After Declaring Pivot to China, Duterte Visits U.S. Ally Abe

  • U.S. says Duterte’s remarks ‘hurtful, confusing, distressing’
  • Japan wants to work on strategic partnership with Philippines

Duterte Visits U.S. Ally Japan Today

Rodrigo Duterte travels to one of the U.S.’s strongest allies in Asia on Tuesday in the Philippine president’s first trip since announcing a foreign-policy pivot to China in Beijing last week.

The visit to Japan comes days after Duterte announced a “separation" from the U.S. and took home $24 billion in investment pledges from the Chinese capital. While the outspoken leader later clarified his comments to say he wasn’t severing ties altogether, the remarks caused bafflement in Washington and sparked concern from U.S. allies in the region.

Duterte’s anti-American remarks in recent months have been “hurtful, confusing, distressing,” U.S. Assistant Secretary of State Daniel Russel told reporters in Manila on Monday. But at the end of the day, he said, “what will matter is what Duterte decides to do."

Japanese Prime Minister Shinzo Abe, who has boosted ties with the U.S. to counter China, has sought to bolster the Philippines’s defense capabilities with more than $300 million in loans for patrol vessels. He may use the meeting as a chance to mend fences among nations that until recently shared a common goal to restrain China’s assertiveness in disputed seas.

"It’s a golden opportunity for the Japanese government to convince the Philippine president that continuing to do this will be bad for him," said Kunihiko Miyake, a former Japanese diplomat and now visiting professor at Ritsumeikan University. "He won’t listen to the Americans, but he might listen to the Japanese."

‘Strategic Partnership’

Ahead of the trip, communication between the two sides appeared difficult. Japan’s foreign ministry said Monday it could not confirm details of most of the events during Duterte’s visit, nor which cabinet ministers or business executives would be accompanying him.

A schedule provided to reporters by the Philippine government said Duterte is set to hold a tete-a-tete with Abe Wednesday just before the two head to dinner together. The Philippine leader will also speak at an economic forum and call on Emperor Akihito and Empress Michiko before leaving the country on Thursday.

"We want to work on developing our strategic partnership even further at the summit," Japanese Chief Cabinet Secretary Yoshihide Suga told reporters in Tokyo on Monday.

Deep and Special

Duterte echoed those sentiments in an interview with Japanese media before his arrival, saying the relationship with Japan was deep and special. He added that the Philippine military alliance with the U.S. would remain and that he had no plans to develop defense ties with China, the Nikkei newspaper reported.

The comments marked a rhetorical shift from Duterte’s time in Beijing, where he decried “American interference" and told a cheering crowd of Filipinos that “foreign policy veers now towards” China.

Abe will offer 5 billion yen in loans for agricultural development on Duterte’s home island of Mindanao during the trip, Kyodo news reported. Duterte won’t get some of the honors bestowed upon his predecessor Benigno Aquino last year, including a state banquet and a speech to parliament.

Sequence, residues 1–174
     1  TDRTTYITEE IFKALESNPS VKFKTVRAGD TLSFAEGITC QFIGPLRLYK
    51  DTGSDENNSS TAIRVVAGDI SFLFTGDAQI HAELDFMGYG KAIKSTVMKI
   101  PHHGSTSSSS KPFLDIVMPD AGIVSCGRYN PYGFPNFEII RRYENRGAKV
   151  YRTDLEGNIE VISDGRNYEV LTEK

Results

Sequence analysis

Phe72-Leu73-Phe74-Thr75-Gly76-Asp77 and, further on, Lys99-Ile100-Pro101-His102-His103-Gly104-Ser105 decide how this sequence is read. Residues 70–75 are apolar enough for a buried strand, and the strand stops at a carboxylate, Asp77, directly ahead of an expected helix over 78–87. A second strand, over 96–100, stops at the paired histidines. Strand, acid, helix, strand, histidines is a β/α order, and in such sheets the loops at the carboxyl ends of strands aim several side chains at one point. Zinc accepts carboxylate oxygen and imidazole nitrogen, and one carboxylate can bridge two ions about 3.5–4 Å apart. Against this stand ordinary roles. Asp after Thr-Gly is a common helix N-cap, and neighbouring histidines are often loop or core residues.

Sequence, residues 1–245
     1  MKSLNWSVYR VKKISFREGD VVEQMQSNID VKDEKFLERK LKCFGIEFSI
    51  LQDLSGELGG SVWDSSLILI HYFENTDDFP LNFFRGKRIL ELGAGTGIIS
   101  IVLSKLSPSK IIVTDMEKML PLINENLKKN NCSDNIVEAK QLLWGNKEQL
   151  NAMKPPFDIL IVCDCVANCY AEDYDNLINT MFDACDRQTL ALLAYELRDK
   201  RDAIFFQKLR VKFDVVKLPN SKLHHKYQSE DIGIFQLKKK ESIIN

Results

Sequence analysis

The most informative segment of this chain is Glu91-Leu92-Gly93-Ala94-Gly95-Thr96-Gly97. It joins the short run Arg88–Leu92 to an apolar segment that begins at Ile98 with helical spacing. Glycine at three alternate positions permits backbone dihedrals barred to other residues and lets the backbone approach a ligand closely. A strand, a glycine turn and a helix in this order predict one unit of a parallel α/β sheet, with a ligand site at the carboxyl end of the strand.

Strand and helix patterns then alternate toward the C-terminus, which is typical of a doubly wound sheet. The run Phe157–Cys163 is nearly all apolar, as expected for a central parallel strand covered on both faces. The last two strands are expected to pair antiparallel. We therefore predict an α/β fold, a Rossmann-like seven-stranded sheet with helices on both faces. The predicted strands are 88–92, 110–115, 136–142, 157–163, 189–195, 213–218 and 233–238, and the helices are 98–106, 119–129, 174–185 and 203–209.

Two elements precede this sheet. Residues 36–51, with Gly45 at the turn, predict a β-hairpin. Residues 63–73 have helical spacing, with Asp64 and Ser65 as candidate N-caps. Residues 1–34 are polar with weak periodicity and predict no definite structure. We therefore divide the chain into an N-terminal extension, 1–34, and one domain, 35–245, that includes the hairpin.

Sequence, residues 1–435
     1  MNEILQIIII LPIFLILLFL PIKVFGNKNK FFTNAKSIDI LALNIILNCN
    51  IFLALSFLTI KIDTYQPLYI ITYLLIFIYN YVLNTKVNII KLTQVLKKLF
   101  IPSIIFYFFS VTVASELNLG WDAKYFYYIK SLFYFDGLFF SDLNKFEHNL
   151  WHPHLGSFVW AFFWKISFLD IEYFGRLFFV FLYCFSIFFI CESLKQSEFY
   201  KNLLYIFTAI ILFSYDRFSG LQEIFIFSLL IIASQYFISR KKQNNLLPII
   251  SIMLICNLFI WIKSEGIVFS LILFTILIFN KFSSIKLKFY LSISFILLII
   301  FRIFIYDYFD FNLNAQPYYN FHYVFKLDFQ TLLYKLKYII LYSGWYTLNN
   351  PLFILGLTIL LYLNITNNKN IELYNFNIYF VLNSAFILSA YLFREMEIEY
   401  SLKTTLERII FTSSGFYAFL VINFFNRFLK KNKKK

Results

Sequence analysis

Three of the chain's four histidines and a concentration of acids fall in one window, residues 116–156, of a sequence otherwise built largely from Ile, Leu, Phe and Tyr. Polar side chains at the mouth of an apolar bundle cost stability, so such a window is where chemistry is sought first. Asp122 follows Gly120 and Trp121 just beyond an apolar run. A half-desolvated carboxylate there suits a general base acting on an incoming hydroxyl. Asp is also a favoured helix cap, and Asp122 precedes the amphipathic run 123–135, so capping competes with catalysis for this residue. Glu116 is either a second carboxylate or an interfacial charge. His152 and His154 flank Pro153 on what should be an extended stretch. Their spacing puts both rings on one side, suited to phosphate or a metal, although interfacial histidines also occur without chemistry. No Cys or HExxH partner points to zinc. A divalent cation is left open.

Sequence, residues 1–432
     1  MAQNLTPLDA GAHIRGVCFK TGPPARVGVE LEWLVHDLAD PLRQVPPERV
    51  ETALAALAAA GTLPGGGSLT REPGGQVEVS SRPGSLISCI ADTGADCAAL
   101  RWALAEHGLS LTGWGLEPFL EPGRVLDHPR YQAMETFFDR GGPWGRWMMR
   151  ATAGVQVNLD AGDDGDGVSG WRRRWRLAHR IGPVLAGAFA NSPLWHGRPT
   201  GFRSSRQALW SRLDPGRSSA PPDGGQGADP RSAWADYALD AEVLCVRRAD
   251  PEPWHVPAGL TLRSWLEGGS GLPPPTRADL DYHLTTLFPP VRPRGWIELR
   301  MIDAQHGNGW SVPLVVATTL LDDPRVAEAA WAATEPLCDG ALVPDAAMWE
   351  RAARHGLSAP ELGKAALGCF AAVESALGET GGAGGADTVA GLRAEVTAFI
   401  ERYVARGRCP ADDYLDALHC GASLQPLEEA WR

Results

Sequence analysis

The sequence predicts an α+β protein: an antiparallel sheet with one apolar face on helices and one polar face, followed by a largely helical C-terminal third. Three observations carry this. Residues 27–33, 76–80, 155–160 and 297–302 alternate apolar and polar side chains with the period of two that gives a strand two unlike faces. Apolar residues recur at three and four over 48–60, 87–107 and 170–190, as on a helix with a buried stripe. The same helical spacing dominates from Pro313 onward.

Sea Disputes

After returning from Beijing early Saturday morning, Duterte told reporters that his talks with Abe would touch on economics and the South China Sea. The Philippine leader said that a solution over disputed territory could either be bilateral with China, or multilateral with various countries including Japan, which isn’t a claimant in those waters. Japan has a separate dispute with China over islands in the East China Sea.

“The meat of what I would tell your minister is that we can only agree to talk peacefully, resolve the dispute and maybe come up with something that is good for everybody," Duterte said in response to a question from Japanese broadcaster NHK, referring to his government’s talks with China in the South China Sea.

Japan was a vocal backer of the Hague judgment in the Philippines’s case against China over the South China Sea in July. Last month, Abe and Duterte agreed on the transfer of Japanese patrol aircraft and a loan for two large coastguard vessels to the Philippines.

Strained Relations

Even as Duterte rejects joint military exercises with the U.S. in the South China Sea for fear of offending China, Japan’s coastguard aid could prove essential in the longer term, said Yuki Tatsumi, senior associate of the East Asia program at the Stimson Center think tank in Washington.

"While some will undoubtedly point to Japan’s gift of patrol vessels and planned loan of aircraft as mistakes, they offer the capability the Philippines needs," if tensions with China rise again, Tatsumi said. “Japan needs to stay as the Philippines’ ‘friend in need’ especially now that it does look like US-Filipino relations will be strained, at least at the leadership level."

Joseph Nye, a professor at the Harvard Kennedy School, said the popularity of the U.S. among Philippine citizens would place limits on Duterte’s attempt to pivot away from his country’s ally, and that the situation should be given time to play out. Japanese efforts to deepen ties with the Philippines are welcomed by the U.S, he added.

"We don’t want an alienation of the Philippines," he said in an interview in Tokyo. "We don’t want this sort of thing to escalate. And if Duterte has a good visit here and the Philippines-Japan relationship stays strong, that’s good from our point of view."

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